Most seniors want to live in their own home for as long as possible. But many homes are not designed to meet our changing needs and abilities as we age, and some seniors give up their home because of increasing mobility and agility limitations.
A home you have resided in for many years can gradually become more difficult to live in because of such things as stairs that are too steep to climb, balcony thresholds that are too high, toilets that are too low. There are often a number of inexpensive and easy home adaptations that can be made so that you, or a family member, can continue the routine activities of daily living and maintain a greater degree of independence at home.
Canada Mortgage and Housing Corporation (CMHC) has a self-assessment guide available at www.cmhc.ca that identifies difficulties with daily activities that seniors may experience and describes home adaptations that can help overcome these difficulties. CMHC has also developed an assessment tool that can be used with the help of a professional such as an occupational therapist. This tool is designed to identify specific modifications and minor renovations based on your or your family member’s abilities.
A health professional can help assess the level of difficulty you are having with routine activities of daily living. These activities may include getting in and out of bed, bathing, reaching, bending, grasping or lifting objects, cooking, and going up and down stairs.
A home assessment with a health professional will then identify obstacles in the home that prevent or inhibit you or your family member from carrying out daily activities. For example, items in kitchen cupboards and clothes closets may be too high to reach, electrical outlets may be too low, floor tiles may be cracked and sticking up, area rugs may slip, stove controls may be hard to see, and door handles may be hard to grasp.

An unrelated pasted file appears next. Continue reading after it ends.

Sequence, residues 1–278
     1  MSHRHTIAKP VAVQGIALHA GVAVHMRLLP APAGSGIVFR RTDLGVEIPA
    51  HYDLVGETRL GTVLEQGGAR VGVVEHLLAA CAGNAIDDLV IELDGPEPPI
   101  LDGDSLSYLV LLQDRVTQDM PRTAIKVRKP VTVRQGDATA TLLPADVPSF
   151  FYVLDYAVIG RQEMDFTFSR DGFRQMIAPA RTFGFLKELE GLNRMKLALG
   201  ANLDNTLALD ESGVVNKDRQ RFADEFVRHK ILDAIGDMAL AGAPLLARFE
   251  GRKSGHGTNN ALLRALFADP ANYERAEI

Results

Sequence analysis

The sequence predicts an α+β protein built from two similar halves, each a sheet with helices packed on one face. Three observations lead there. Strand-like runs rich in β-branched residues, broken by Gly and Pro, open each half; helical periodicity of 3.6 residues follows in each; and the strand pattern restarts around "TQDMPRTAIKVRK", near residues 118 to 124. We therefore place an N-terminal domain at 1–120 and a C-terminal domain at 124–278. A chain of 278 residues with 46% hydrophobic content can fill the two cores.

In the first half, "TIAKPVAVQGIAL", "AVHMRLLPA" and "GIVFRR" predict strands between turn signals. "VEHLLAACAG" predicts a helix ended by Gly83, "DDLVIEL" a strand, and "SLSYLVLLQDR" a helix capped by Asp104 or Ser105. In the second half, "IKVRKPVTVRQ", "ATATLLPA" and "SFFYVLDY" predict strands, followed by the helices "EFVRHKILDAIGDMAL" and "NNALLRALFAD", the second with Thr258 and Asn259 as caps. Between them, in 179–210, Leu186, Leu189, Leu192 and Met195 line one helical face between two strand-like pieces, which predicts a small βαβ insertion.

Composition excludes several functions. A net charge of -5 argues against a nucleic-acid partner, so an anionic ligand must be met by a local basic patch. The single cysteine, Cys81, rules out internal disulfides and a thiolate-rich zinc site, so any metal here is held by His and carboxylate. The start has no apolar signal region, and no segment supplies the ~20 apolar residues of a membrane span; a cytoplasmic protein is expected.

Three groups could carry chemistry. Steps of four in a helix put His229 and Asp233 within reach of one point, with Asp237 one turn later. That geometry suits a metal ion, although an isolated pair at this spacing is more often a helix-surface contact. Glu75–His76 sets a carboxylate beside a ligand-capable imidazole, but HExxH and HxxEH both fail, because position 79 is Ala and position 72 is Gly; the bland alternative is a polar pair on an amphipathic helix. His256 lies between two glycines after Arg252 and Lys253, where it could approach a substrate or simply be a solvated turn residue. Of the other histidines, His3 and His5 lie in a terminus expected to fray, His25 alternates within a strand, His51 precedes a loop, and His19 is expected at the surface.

A wide range of solutions are available to compensate for these kinds of difficulties and obstacles. A health professional can recommend appropriate solutions tailored to meet your or your family member’s specific needs. For example, you can install tactile indicators on handrails to indicate the beginning and end of stairs, add colour cues on appliance controls, install grab bars and a tub seat in the bathroom, reduce the height and depth of counters and shelves, raise the height of toilets, relocate electrical outlets so they are easier to reach, and eliminate tripping hazards such as broken tiles or loose rugs. There are also simple aids and tools that make life easier, such as double-handled mugs, kettle tippers, reachers, tap and doorknob turners, and foldable shower seats.
Be sure to consider the cost and ease of use of each adaptation and aid, as well as the scope of labour needed—for example, the plumbing work required to install a hand-held shower. If you are making recommendations for someone else, be sure to include them in the discussion to ensure they are agreeable to the changes and costs.
The adaptations should be custom-designed for the individual to provide an appropriate, practical and attractive home environment.
For more information on home adaptations, CMHC has two sources of information. Maintaining Seniors’ Independence Through Home Adaptations: A Self-assessment Guide (an online guide) identifies solutions to common difficulties seniors can experience with daily activities at home. Maintaining Seniors’ Independence: A Guide to Home Adaptations includes a questionnaire to help health professionals assess a senior’s needs within the home and determine appropriate and personalized adaptations. Access both resources at www.cmhc.ca.
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